Home Office permanent secretary Matthew Rycroft said: ‘Home Office officials made the Home Secretary aware of the legal position as well as policy options from the beginning of her tenure.’

The pair were also ticked off for not knowing how many judicial reviews have been launched over Manston.  

Commons Home Affairs Committee chairwoman Dame Diana Johnson said she had heard it is four.

Mr Rycroft said: ‘We know there are judicial reviews on Manston and we are dealing with them, as you expect, in a holistic way; I personally didn’t know there were four.’

Dame Diana replied: ‘I’m rather surprised you didn’t think I might ask that question.’ 

Ms Braverman later revealed the Home Office had received notice of five possible judicial reviews.  

Manston is one of the main processing centres designed to hold migrants until more suitable accommodation can be found

Manston is one of the main processing centres designed to hold migrants until more suitable accommodation can be found

Manston is now empty after everyone there was moved to hotels or accommodation.

Addressing MPs today, clandestine Channel threat commander Dan O’Mahoney said a backlash from local MPs and councils was partly to blame for earlier delays to move migrants out of the centre and into hotels. 

Tough asylum cases ‘handled by inexperienced staff’

The UK’s asylum system is being undermined by inexperienced and low-paid staff being recruited to handle applications, insiders have claimed. 

Nearly 130,000 people are waiting for a decision on their asylum claim, according to the latest figures released in June 2022. 

Insiders said the use of new, junior staff to handle complex cases was delaying decisions and forcing officials to pay for long, expensive hotel stays. 

One Home Office employee with several years of experience told Newsnight: ‘They’re hiring large numbers of inexperienced staff who need to be trained to do this and that takes time, so the backlog grows.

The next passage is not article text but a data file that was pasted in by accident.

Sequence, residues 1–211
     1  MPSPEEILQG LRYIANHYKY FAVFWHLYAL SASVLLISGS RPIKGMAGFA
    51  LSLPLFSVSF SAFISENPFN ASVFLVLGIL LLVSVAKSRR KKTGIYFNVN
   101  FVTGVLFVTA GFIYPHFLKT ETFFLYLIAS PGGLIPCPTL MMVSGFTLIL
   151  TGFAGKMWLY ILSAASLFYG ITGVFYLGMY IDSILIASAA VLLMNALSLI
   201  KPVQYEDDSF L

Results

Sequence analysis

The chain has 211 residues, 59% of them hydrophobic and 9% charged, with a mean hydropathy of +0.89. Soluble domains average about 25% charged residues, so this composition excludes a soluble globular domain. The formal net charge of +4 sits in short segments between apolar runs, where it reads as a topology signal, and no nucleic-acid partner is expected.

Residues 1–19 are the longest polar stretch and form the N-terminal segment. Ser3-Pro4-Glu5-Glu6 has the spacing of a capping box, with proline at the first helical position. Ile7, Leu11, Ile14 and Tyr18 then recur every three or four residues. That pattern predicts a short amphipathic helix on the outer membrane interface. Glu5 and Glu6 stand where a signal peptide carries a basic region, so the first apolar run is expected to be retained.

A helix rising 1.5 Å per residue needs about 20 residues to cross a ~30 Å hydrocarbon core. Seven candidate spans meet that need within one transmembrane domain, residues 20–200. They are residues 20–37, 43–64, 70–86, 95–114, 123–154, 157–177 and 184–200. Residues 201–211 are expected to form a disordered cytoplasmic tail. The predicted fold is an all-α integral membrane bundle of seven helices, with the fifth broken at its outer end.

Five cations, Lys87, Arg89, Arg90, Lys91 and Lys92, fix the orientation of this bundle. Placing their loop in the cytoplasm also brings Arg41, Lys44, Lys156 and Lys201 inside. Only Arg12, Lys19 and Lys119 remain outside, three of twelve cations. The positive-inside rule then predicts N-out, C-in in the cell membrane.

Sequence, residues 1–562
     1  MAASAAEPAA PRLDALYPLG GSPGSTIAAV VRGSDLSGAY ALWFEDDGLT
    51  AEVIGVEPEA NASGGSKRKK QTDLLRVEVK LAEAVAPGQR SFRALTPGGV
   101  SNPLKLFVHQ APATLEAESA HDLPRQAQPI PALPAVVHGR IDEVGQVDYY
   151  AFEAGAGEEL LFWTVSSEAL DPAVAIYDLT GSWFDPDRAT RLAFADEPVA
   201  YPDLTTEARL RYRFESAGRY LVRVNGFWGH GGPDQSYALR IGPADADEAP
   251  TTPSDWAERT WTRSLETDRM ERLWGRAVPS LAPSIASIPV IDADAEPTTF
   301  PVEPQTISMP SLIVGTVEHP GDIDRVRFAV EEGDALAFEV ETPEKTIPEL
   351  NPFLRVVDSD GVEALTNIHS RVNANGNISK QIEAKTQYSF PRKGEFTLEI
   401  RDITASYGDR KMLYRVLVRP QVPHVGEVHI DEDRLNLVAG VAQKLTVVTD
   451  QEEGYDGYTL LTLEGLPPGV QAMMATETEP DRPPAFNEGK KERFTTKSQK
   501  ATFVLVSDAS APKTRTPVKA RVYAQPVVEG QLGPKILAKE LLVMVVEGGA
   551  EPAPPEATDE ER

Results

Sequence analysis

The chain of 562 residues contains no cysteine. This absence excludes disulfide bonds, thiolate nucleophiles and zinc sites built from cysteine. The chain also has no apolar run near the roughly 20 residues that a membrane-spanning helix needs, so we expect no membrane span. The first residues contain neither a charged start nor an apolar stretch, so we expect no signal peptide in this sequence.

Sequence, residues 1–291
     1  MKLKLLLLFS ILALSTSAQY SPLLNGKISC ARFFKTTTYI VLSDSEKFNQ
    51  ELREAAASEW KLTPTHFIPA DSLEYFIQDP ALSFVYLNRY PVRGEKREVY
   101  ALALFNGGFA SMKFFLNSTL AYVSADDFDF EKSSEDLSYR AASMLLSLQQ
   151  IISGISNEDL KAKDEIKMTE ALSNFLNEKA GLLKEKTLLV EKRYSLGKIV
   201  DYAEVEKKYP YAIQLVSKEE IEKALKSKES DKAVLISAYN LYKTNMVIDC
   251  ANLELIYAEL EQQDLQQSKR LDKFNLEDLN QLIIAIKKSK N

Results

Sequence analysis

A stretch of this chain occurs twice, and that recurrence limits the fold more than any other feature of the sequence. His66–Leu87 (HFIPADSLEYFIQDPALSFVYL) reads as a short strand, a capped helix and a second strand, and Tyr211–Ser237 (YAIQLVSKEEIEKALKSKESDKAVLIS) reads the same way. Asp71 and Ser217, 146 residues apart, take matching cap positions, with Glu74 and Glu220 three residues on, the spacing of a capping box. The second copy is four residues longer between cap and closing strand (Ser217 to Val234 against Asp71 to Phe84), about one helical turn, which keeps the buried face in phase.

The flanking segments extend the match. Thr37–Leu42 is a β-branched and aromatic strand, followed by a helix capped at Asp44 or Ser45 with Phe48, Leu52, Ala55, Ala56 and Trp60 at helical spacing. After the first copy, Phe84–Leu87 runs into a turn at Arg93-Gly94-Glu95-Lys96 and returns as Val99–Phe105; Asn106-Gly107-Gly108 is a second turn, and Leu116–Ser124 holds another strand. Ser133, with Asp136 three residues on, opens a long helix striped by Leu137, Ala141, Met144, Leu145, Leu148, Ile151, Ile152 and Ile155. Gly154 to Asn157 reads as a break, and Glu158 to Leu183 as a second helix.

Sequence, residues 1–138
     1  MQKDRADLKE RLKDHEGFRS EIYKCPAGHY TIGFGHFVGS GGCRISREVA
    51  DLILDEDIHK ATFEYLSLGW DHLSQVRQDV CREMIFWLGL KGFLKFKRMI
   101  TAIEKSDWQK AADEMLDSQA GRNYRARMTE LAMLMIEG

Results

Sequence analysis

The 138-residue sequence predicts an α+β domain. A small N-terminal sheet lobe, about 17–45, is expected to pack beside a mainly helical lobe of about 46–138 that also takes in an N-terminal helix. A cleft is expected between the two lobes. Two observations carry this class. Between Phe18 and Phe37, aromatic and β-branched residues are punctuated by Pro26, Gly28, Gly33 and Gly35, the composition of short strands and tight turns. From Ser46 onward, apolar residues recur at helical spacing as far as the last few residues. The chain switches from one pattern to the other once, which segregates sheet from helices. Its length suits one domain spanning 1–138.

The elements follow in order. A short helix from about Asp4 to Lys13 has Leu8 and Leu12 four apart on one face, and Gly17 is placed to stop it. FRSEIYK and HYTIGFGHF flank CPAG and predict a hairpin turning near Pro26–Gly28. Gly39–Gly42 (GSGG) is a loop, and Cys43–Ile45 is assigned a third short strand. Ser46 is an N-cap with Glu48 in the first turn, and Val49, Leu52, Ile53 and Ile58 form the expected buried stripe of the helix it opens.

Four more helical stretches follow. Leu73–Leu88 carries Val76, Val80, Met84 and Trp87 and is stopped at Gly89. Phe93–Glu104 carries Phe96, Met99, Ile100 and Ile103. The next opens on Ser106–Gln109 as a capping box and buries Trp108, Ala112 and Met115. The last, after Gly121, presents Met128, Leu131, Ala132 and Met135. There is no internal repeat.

‘And it’s young staff facing these harrowing stories and earning low wages – so what’s the incentive to stay? There isn’t one… so they leave and then they hire someone else and so it continues.’

The Home Office said it had ‘increased asylum caseworkers by 80% to more than 1,000’ and added that ‘a successful pilot scheme to boost the number of claims processed is now being rolled out across the country’. 

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MPs also asked Ms Braverman and her colleagues about the stalled deal to send migrants to Rwanda, which has already seen Britain pay the country £140million. 

Today, the Government department’s permanent secretary Matthew Rycroft admitted he was still unsure if the policy would be value for money. 

It is more than seven months since former home secretary Priti Patel announced the deal in a bid to curb Channel crossings but the plan has been hampered by legal challenges.

Asked whether he thought the policy was value for money, Mr Rycroft told the Commons Home Affairs Committee on Wednesday: ‘I keep that judgment under constant review, as you would expect, and the circumstances have not changed sufficiently for me to change my judgment which, from April, was that we did not have evidence it would be value for money.

‘The UK has paid £120 million plus an additional £20 million for set-up costs to the government of Rwanda and it remains the case it could be value for money and it could not be.

‘I think it is worth underlining the purpose of the scheme is deterrence, is prevention. The success of the scheme will not be measured in how many thousands of people will be relocated to Rwanda but more by how many people do not make the dangerous crossing of the Channel.’

On April 14, Ms Patel signed what she described as a ‘world-first’ agreement with Rwanda for it to receive migrants deemed by the UK to have arrived ‘illegally’, and therefore inadmissible under new immigration rules.

But the first deportation flight, due to take off on June 14, was grounded amid legal challenges.

The legality of the policy has since been contested in the courts, with ministers and campaigners awaiting a ruling from High Court judges on the case.

Since the deal was announced, 36,858 people have arrived in the UK after crossing the Channel, according to provisional Ministry of Defence figures.